The Role of the Audience in Theatre

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  • 0:04 The Role of the Audience
  • 0:42 The Game of Supply & Demand
  • 2:41 Breaking the Fourth Wall
  • 5:05 Lesson Summary
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Lesson Transcript
Instructor: Rachel Tustin

Dr. Rachel Tustin has a PhD in Education focusing on Educational Technology, a Masters in English, and a BS in Marine Science. She has taught in K-12 for more than 15 years, and higher education for ten years.

From the outside, an audience may appear to be a passive participant in the theatre. However, this couldn't be further from the truth. In theatre, the audience plays a crucial role in driving and even participating in the performance.

The Role of the Audience

Theatre, in a way, is the ultimate example of consumerism. In the time of Shakespeare and even ancient Greece, there was a certain element of responsiveness in theatre - if the audience didn't like it enough to show up, the performance could not go on.

Today, we often lose sight of that as many people have never sat in a theatre and experienced a performance. If people don't tune into a television show or go to watch a movie, the actors don't immediately feel that pain. However, in a live theatre setting, the audience is essential. The audience serves an important role because they generate the demand that keeps productions going.

The Game of Supply & Demand

From the moment of a play's conception, the audience plays a powerful role in dictating its content. After all, the audience is the consumer of theatre and the playwright the producer. Therefore, it's logical that some of the same rules that govern supply/demand for any other product still apply.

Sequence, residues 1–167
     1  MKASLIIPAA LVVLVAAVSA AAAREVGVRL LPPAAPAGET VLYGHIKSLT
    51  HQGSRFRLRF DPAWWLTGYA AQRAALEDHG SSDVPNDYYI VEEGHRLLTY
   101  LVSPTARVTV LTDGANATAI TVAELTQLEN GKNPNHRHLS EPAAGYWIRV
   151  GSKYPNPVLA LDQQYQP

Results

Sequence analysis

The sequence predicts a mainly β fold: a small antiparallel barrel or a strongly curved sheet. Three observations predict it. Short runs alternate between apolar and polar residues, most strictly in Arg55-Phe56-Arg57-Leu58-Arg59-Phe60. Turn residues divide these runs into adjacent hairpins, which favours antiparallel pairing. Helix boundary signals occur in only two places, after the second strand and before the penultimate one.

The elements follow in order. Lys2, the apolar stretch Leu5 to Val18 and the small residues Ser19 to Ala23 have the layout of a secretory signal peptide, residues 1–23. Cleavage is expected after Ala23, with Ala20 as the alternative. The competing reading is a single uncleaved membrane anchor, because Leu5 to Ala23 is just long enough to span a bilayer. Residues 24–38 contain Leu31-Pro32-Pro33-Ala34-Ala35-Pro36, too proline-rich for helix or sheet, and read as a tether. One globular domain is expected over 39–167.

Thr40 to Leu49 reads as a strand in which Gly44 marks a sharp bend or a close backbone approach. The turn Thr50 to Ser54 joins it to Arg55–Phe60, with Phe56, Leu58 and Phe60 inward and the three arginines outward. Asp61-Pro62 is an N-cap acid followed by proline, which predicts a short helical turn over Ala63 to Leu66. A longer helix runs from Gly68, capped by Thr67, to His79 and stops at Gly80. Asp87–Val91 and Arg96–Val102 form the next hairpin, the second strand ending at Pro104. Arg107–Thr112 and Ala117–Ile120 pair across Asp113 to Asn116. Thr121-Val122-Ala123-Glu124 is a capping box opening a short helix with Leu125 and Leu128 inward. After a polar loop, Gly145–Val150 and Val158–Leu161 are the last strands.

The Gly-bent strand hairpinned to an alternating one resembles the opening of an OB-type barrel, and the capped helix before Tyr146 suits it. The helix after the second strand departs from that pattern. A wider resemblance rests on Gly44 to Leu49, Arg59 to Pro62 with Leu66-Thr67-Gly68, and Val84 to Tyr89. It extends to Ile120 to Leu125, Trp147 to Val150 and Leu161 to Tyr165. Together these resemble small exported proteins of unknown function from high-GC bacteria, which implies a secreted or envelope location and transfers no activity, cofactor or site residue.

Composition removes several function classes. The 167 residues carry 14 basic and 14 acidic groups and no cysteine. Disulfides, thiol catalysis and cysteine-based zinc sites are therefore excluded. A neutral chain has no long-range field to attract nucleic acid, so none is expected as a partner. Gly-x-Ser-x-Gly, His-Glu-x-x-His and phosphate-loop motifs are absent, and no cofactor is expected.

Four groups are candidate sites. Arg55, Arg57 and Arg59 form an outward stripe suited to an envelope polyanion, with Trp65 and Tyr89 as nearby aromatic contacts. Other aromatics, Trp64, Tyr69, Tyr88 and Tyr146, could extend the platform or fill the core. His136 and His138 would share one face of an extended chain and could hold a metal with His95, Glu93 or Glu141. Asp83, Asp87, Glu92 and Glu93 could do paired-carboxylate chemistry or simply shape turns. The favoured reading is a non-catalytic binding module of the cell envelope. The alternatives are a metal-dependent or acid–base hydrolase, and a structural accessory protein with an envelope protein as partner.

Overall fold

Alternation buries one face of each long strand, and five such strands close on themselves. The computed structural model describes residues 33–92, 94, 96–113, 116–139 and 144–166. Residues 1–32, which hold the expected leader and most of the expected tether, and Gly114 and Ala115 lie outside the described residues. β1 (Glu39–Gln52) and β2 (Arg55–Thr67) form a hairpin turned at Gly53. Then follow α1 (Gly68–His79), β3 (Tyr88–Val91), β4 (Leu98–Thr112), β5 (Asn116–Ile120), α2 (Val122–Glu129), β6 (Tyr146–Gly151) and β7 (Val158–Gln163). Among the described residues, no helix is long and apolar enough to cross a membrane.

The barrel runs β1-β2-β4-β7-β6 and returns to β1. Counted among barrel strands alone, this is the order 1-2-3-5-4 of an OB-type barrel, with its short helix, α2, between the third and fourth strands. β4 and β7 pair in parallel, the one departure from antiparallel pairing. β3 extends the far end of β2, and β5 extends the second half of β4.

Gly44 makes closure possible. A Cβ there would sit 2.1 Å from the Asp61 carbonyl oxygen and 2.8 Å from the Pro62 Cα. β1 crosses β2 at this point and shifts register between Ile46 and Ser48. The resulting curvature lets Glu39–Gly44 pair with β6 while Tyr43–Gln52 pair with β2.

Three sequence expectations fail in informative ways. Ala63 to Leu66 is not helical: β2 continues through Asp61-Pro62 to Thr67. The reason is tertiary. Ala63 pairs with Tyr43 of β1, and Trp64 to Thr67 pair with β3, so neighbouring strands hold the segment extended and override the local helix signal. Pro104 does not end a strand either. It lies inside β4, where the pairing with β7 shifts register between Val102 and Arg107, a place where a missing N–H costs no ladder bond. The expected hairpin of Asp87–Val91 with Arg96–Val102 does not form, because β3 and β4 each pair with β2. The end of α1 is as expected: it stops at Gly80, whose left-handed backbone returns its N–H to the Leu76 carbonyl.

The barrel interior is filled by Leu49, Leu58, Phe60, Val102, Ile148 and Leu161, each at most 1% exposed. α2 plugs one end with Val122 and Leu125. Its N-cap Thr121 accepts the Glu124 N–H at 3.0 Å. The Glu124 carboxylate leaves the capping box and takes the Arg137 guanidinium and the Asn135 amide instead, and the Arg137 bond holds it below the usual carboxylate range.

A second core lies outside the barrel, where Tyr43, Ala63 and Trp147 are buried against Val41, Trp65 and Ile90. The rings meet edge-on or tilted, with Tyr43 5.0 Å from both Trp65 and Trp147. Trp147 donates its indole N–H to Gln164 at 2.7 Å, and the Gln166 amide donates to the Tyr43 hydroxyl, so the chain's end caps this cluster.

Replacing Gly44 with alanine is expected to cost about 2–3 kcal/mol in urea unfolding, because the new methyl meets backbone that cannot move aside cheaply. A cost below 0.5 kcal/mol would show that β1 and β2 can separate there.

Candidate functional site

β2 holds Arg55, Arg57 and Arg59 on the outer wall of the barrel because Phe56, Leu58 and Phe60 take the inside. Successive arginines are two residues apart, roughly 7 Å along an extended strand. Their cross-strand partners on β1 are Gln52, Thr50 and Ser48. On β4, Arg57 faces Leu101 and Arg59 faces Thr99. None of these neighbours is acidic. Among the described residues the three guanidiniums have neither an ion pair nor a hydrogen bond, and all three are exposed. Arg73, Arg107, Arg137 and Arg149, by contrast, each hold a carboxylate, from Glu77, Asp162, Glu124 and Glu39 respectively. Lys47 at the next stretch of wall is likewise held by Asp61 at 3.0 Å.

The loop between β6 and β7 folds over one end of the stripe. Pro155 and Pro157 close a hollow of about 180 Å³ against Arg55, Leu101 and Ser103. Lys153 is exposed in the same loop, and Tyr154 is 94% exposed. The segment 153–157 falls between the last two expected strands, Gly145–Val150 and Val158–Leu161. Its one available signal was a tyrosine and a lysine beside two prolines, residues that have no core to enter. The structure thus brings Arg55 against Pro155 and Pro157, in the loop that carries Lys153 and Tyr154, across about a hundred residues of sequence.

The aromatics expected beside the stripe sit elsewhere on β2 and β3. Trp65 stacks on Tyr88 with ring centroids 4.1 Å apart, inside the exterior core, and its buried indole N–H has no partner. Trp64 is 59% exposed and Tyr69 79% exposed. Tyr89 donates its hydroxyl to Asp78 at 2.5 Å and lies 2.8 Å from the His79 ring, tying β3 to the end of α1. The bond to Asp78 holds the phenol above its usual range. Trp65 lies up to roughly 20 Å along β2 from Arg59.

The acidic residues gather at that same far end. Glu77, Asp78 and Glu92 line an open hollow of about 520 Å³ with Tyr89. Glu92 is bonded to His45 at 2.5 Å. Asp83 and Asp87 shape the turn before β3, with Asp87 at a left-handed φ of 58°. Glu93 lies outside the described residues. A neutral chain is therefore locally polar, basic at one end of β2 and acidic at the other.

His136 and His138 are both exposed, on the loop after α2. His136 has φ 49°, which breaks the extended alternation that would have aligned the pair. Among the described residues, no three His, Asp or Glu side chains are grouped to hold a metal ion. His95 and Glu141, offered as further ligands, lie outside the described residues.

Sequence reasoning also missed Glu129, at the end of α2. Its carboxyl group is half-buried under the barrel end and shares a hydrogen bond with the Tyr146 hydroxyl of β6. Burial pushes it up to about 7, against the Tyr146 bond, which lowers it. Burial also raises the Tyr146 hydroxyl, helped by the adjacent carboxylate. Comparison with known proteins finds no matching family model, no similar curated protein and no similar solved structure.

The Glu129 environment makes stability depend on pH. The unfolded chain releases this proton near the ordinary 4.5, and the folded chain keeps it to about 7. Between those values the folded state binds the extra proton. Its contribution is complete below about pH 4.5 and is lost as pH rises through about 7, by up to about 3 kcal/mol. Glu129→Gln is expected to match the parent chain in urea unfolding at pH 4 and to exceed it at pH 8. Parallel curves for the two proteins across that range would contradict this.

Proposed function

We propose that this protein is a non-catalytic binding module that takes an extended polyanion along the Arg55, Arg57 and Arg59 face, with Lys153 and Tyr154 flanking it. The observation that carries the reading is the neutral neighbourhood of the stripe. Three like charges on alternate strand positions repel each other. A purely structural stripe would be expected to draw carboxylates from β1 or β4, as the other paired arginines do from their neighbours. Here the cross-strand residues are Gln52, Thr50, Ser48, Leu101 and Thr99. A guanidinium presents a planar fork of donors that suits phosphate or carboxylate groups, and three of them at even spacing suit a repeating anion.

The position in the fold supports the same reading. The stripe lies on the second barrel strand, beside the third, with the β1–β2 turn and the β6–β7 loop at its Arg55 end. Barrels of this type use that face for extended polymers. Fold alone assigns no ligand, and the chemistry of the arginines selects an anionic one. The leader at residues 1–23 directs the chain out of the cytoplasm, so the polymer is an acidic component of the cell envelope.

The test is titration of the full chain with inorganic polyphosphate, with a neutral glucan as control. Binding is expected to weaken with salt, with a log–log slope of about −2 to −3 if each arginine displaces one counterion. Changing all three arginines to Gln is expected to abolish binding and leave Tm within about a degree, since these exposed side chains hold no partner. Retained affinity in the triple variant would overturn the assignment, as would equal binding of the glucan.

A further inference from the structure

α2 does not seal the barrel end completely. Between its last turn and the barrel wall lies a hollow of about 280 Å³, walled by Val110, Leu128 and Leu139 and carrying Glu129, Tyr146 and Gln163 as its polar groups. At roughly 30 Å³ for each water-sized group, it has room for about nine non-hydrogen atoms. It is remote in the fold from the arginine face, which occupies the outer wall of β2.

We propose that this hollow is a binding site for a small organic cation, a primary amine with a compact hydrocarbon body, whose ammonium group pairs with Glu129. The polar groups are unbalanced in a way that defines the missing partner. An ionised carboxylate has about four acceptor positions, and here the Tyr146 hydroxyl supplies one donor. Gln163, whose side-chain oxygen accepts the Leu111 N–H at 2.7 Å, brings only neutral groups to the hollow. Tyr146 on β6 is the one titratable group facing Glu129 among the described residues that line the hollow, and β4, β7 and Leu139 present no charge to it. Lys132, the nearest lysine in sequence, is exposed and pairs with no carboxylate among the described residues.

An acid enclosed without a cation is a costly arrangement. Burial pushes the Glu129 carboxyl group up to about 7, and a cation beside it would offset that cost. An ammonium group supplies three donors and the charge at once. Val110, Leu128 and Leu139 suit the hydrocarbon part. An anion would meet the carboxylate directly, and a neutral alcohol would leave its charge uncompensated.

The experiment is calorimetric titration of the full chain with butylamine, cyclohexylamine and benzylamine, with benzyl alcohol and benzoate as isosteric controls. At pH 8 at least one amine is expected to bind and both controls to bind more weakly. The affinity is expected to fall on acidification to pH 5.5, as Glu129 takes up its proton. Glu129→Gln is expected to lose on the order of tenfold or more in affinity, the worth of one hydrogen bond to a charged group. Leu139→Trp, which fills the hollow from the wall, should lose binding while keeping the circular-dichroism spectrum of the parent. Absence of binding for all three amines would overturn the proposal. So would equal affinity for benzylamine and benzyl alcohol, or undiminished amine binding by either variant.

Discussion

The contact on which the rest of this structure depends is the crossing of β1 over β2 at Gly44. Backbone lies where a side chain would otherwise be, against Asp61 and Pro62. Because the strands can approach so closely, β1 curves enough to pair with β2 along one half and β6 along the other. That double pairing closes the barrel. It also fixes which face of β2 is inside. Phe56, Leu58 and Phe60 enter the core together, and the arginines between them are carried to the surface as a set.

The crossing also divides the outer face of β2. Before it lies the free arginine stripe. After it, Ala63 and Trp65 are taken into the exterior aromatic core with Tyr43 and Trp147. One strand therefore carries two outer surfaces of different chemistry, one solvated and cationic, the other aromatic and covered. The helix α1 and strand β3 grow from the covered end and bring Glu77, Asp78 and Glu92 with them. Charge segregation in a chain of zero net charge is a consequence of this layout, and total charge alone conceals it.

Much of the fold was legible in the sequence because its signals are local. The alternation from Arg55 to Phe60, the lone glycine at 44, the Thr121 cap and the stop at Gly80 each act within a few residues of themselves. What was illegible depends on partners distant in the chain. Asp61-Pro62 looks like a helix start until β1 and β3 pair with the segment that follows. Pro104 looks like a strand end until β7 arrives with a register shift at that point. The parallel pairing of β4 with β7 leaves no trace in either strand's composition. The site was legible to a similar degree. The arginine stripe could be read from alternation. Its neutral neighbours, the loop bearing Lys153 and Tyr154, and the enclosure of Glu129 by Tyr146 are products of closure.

The audience's role as the consumer is a main focus of the playwright as he/she develops the plot, characters, and dialogue. A playwright has to consider questions such as:

  • Is the story being told relatable to the audience?
  • How will the audience react to the various characters in the play?
  • Does the plot build sufficient anticipation to keep the audience engaged?
  • Is there sufficient audience appeal in the plot and characters to attract an audience?

The audience drives every aspect of developing a theatrical performance. Initially, the audience serves the role of driving the content of the play or performance itself. The audience serves the role of driving other decisions as well. For example, producers will consider their audience during casting. They think about whether the actor is suited to the part along with whether or not certain actresses or actors will attract an audience to the performance.

Once the audience is in the seats, their role as consumers comes full circle. Think of it rather simply for a moment - what happens if an actor stands on stage and says a line intended to be funny but the audience doesn't laugh? How the audience reacts sends messages to the actors about how their performance is being received. Silence during a humorous section tells the actors that for many possible reasons, the audience doesn't see or agree with the humor being portrayed. This is the pain that any standup comedian has felt - especially earlier on in their career. But like standup comedians, the actors, in turn, use that information to adjust their current performance and perhaps future performances. Directors and writers also guide their decisions in future performances based on how the audience reacts.

Breaking the Fourth Wall

The line between the stage and the audience is known as the fourth wall of the theatre. When you watch television, the screen acts as the fourth wall, the invisible barrier dividing the actors and the audience. However, in theatre, the fourth wall can become fluid. Traditionally in Shakespearean plays, the actors could speak directly to the audience through soliloquies, monologues, and asides during the performance. When they do so, it breaks down the fourth wall and gives the actor and audience a chance to interact with one another.

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